Review: Hyundai Ioniq 6 first drive

From £47,040

The Hyundai Ioniq 6 looks like nothing else on the road. Dubbed a ‘streamliner’ by its South Korean makers, its design is inspired by various products and some of the most aerodynamic trains, planes and automobiles of the pre- and post-war period.

Just like some of those iconic 20th Century creations, the Ioniq 6 divides opinion.

For me, this retro-mod, low-slung EV is a breath of fresh air in an automotive world packed with lookalike SUVs.

Yes, that swooping, banana-shaped aesthetic is brave but get up close and personal and it absolutely works.

Clearly, others agree because it was crowned overall World Car of the Year 2023, plus it won the World Electric Vehicle and World Car Design of the Year categories.

Hyundai is also especially proud of the Ioniq 6’s distinctive ‘Parametric Pixels’ – 700 in total. You can find them in the headlights, rear lights, front sensors, air damper trim, centre console indicator and third brake light (and check out the unique rear wing light signature when braking).

Sharing its underpinnings with the angular Hyundai Ioniq 5 crossover, the 6’s slippery shape and aero aids, such as an active air flap results in an ultra-low drag coefficient of 0.21.

Just as importantly, its aerodynamic lines boost performance and optimise efficiency.

Initially only available with a long-range 77.4kWh battery, the Ioniq 6 has a driving range of up to 338-miles (rear-wheel drive version) or 322 miles (all-wheel drive).

The single-motor RWD develops 226bhp and 258 lb-ft of torque and is capable of 0-62mph in 7.4 seconds, while the twin-motor AWD delivers 320bhp and 446 lb-ft, resulting in a faster 5.1sec 0-62mph sprint.

Customers can choose from two generously-equipped trim levels (Premium and Ultimate).  There were also First Edition models at launch but these quickly sold out.

All models feature an impressive 800v charging system providing 350kW compatibility, meaning it can be used at the fastest chargers currently available.

I’d expect the Ioniq 6 to charge to 80% in around 20 minutes when connected to a 350kW rapid charger. If you have a home wall box, you’ll be able to charge overnight while a boost to 80% via a more common 50kW public charger will take one hour and 13 minutes.

The Ioniq 6 is futuristic inside too, with twin 12.3-inch screens – a driver’s digital instrument panel and a central infotainment display.

Thankfully a few dials and switches have survived the minimalist purge sweeping through interior car design. For instance, there are small touch-sensitive icons for the climate controls in a separate panel beneath the touchscreen. These are a bit fiddly but infinitely better than having to swipe through menus.

Overall, the quality of the interior is a step up from the Ioniq 5 with comfortable seats and plenty of soft-touch surfaces.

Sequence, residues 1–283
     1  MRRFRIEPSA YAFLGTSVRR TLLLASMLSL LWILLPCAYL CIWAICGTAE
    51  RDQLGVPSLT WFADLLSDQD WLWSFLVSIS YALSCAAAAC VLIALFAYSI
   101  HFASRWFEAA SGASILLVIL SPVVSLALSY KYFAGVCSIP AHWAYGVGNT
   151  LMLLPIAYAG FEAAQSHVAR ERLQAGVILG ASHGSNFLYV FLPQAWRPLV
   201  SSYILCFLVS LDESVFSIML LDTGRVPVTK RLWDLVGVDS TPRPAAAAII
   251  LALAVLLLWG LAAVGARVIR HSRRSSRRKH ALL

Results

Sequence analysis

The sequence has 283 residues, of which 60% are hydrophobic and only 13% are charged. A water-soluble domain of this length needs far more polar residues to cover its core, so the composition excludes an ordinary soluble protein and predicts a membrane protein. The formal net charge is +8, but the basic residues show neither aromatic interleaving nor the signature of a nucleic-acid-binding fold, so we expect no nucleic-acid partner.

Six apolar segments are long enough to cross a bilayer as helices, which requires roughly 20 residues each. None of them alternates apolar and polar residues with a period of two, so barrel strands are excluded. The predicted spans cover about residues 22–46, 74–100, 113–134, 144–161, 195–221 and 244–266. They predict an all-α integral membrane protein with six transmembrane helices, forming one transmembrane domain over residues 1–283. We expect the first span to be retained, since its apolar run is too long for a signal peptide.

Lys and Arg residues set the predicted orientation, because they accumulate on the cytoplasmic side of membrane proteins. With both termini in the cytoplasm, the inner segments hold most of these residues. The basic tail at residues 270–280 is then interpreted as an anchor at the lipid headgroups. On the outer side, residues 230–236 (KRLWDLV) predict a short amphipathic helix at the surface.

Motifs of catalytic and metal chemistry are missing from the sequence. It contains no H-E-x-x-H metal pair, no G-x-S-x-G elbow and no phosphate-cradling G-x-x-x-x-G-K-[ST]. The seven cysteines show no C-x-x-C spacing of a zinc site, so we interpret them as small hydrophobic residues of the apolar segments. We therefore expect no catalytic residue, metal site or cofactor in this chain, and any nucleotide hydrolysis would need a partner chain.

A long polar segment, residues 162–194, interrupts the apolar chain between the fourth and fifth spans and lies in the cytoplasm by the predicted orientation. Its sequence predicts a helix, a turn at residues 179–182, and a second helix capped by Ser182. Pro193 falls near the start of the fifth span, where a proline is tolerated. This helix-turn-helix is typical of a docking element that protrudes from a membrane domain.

There’s plenty of space inside front and rear, though taller rear passengers (6ft and over) might struggle for headroom, thanks to that sweeping roofline. There’s also limited space for your feet if the driver’s seat in front is fully lowered.

The 401-litre boot capacity is very useful, too. Maybe a liftback wouldn’t have been more practical, but you can flip the back seats to transport longer objects.

I got behind the wheel of a Premium spec model with all-wheel drive.

If you’re used to SUVs, the seating position will seem low, but believe me, it’s much more involving once you glide off.

The first impression is one of serenity. The whole cabin experience is smooth and refined. Not only does the Ioniq float over all but the worst potholes but it’s whisper-quiet, too.

It was tanking down during the test, so the extra grip and assurance provided by the 4×4 system was more than welcome.

Over a day of mixed driving, the Ioniq 6 was never anything other than effortless and felt totally planted.

At its best cruising along, it is also surprisingly agile when you pick up the pace on more twisty country roads.

Body lean was well controlled, while the steering was nicely weighted with ample driver feedback.

There are three drive modes – Eco, Normal and Sport. As ever, Normal is just fine. And if you want extra regenerative braking, then flick one of the steering-wheel-mounted paddles.

Based on a day of driving, the claimed ranges are realistic if you drive sensibly, with the usual caveats of air temperature and terrain.

As with just about every new tech-laden EV these days, the Hyundai Ioniq 6 was awarded a maximum of five stars when it was crash-tested by Euro NCAP.

What’s more, it’s also fitted with Highway Driving Assist 2 (HDA 2), which is Level 2 autonomous driving. The system helps to maintain a set distance and speed from the vehicle ahead when driving on a motorway and helps to centre the vehicle in the lane while driving. It can even overtake the vehicle in front.

So, the Hyundai Ioniq 6 is a genuinely impressive car, and in my eyes, a worthy winner of its World Car of the Year award.


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The Hyundai Ioniq 6 is one of our favourite EVs. This slinky four-door saloon oozes kerb appeal, delivers a long range, an excellent ride and handling balance, and it’s packed with the latest safety and drive assistance tech.
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Fast Facts



Battery Capacity

77.4 kWh

WLTP Range

338 miles

Maximum Power

320 bhp


446 lb-ft


7.4 secs

Top Speed

115 mph

Boot Capacity

401 litres

Pros and Cons

Smooth and refined
Agile and fun drive
Long range, ultra-fast charging
Roofline eats into rear headroom
Brave styling is divisive
No smaller battery variants
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